The Last Word: Virginia Harn

A closer look at some of the intriguing, inspiring and imaginative folks who are the heart of the AICPA.
BY CHERYL ROSEN

VIRGINIA HARN, CPA
Tax principal
LarsonAllen
Minneapolis, Minn.

I MAJORED IN MUSIC IN COLLEGE, but I went to work in a social services agency and eventually moved into quality assurance. The agency received a lot of federal funding, and I was responsible for making sure we were in compliance with all the standards and policies. I started taking night classes toward my MBA and when I took a couple of accounting classes I finally figured out what I wanted to be. I passed the CPA exam and took a job with a small firm that was acquired by LarsonAllen in 1994. Now I’m a tax principal in the manufacturing, distribution and retail industry group.

I STILL PLAY THE PIANO. I’ve accompanied children’s choirs at church and played for a couple of weddings, but mostly I play for personal enjoyment.

WHAT ATTRACTED ME TO ACCOUNTING were the detail and the organization and the process that are part of the early positions in your career. I like all the rules. I love tax in particular. It’s the arena where you can make a bottom-line difference in terms of good planning for a business owner.

I HAVE TWO CHILDREN, so it’s super-important to me to figure out a way to blend my career with my family. Some days it goes really well and some days I feel like a total loser on both sides. I don’t have delusions of being a superstar, but I do want to achieve a level of satisfaction in both roles—for myself and also as a role model for other women.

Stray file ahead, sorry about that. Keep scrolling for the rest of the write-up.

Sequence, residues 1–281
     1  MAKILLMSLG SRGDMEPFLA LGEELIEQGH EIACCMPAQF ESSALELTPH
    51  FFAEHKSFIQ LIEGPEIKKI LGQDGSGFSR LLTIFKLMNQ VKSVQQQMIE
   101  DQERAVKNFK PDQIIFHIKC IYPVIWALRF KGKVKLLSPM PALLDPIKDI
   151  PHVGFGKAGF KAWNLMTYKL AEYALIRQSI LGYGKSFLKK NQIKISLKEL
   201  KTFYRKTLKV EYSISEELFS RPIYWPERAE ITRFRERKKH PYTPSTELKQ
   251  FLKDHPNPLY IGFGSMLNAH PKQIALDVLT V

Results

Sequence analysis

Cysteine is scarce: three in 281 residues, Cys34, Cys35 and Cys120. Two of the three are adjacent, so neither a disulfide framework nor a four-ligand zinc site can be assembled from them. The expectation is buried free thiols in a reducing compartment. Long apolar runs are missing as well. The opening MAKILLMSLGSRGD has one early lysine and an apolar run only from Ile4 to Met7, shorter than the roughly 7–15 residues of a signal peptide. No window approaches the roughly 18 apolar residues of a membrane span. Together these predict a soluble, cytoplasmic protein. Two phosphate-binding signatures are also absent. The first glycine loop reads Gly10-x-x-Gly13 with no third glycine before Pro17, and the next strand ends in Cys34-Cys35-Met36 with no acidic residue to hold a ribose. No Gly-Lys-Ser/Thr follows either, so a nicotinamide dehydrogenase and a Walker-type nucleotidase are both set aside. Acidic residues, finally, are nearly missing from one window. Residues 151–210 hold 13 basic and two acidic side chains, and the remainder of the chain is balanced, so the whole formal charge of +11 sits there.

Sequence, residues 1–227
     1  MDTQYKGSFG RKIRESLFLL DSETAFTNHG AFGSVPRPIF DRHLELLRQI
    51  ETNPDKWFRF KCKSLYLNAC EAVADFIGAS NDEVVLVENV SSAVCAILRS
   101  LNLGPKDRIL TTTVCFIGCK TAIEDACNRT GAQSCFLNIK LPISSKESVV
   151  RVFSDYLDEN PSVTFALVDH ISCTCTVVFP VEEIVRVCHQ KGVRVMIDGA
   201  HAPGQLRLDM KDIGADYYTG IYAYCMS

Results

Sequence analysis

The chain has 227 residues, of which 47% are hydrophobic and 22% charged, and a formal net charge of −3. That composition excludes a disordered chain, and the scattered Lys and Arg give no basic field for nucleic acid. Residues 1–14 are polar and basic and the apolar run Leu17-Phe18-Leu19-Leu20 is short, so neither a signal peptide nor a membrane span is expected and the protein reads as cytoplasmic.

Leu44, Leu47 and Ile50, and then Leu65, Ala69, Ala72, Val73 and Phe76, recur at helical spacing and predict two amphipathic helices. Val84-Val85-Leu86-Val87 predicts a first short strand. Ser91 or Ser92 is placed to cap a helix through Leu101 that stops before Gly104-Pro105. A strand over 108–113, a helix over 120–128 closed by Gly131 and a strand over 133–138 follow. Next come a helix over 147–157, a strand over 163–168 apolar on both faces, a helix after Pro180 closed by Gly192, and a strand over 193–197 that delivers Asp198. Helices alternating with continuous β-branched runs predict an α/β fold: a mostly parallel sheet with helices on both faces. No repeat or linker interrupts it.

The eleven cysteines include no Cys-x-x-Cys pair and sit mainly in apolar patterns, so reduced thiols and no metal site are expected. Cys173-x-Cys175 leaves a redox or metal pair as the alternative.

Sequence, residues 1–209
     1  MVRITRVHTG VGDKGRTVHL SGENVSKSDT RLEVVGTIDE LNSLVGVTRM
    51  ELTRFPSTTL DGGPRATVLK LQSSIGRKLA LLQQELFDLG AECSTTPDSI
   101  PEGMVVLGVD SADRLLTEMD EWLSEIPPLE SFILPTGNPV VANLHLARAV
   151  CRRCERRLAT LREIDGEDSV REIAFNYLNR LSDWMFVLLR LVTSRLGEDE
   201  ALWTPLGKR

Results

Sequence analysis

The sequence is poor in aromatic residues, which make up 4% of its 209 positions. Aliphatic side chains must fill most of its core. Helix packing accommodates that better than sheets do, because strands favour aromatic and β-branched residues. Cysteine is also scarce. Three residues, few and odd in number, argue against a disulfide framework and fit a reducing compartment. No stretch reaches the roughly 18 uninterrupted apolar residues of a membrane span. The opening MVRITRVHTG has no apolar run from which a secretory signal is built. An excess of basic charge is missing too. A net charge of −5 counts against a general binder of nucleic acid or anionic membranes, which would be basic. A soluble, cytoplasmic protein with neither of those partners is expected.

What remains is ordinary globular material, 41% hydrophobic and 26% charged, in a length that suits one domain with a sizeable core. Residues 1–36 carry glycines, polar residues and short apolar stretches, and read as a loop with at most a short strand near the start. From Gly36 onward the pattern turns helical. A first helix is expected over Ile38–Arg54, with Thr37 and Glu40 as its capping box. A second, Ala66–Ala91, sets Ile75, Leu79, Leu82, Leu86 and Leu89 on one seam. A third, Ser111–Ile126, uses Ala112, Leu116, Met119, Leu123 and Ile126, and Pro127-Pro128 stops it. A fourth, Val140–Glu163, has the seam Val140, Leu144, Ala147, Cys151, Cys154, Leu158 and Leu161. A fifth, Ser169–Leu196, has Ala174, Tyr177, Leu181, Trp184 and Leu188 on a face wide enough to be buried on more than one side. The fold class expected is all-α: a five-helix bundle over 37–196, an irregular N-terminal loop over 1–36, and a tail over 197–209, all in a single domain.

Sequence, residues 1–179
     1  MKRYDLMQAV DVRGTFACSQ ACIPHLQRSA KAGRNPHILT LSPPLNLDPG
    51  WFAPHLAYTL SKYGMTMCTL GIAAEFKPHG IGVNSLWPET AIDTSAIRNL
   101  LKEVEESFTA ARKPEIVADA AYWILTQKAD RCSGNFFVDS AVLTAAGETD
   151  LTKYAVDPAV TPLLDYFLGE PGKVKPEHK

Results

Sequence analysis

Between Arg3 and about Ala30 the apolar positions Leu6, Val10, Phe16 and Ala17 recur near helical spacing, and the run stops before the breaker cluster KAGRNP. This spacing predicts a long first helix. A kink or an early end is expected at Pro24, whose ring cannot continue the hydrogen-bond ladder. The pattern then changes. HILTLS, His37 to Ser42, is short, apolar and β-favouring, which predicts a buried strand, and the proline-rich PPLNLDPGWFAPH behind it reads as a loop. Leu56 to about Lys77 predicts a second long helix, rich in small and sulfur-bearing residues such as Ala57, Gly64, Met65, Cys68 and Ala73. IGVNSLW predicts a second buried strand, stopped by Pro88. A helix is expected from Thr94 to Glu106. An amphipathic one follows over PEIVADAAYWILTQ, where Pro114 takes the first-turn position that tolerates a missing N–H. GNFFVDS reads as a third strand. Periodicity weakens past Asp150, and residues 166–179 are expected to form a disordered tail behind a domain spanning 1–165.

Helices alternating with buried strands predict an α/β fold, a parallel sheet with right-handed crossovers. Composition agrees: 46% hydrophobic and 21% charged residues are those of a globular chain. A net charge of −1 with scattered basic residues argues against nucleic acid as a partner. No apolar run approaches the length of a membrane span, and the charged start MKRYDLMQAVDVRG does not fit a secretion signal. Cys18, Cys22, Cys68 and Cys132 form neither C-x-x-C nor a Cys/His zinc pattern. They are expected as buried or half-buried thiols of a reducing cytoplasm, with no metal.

FOR THE PAST COUPLE OF YEARS LarsonAllen has served as a corporate sponsor for an initiative of the College of St. Catherine to help middle-market women-owned businesses grow. A local law firm approached me about helping and I took the idea to our board of directors, which approved it unanimously. We feel it’s the right thing to be doing for a couple of reasons. There are 209,000 women-owned businesses in Minnesota; one goal of the initiative is to enhance networking opportunities for women throughout the community. So being part of this puts us out in front of a lot of potential clients. Internally, it’s been a fantastic opportunity for the women in our firm to get to know each other and really come to understand the different services the firm provides. There’s a different energy in networking events that are largely for and by women.

PUBLIC ACCOUNTING IS SOMEWHAT 24/7 in the sense that it’s driven by business relationships, and they don’t have a neat beginning and end. But when you’re raising children, there’s just a small window of time to spend with them. I don’t want to give that up—and I also don’t want to step out of my career. If you’re very organized, though, you can serve your clients, meet your scheduling commitments and still be a soccer mom. I live three miles from downtown, so I don’t spend a lot of time commuting. As a tax principal, I rely on my husband to take on much more of the household load during tax season. I do think blending career and family has made it harder for me to achieve the status of equity principal, but I do plan to get there.

IF YOU CAN STAY IN THE GAME and successfully keep both pieces moving, then at the natural point when your children are independent you can step back into work at a stronger level. I think it’s important for my children to see the role model of having a career and children. I’m really grateful to be a woman in America, to have these choices. The nation needs the strength of women who want to contribute to the economy and to their families. I believe it’s a noble cause.

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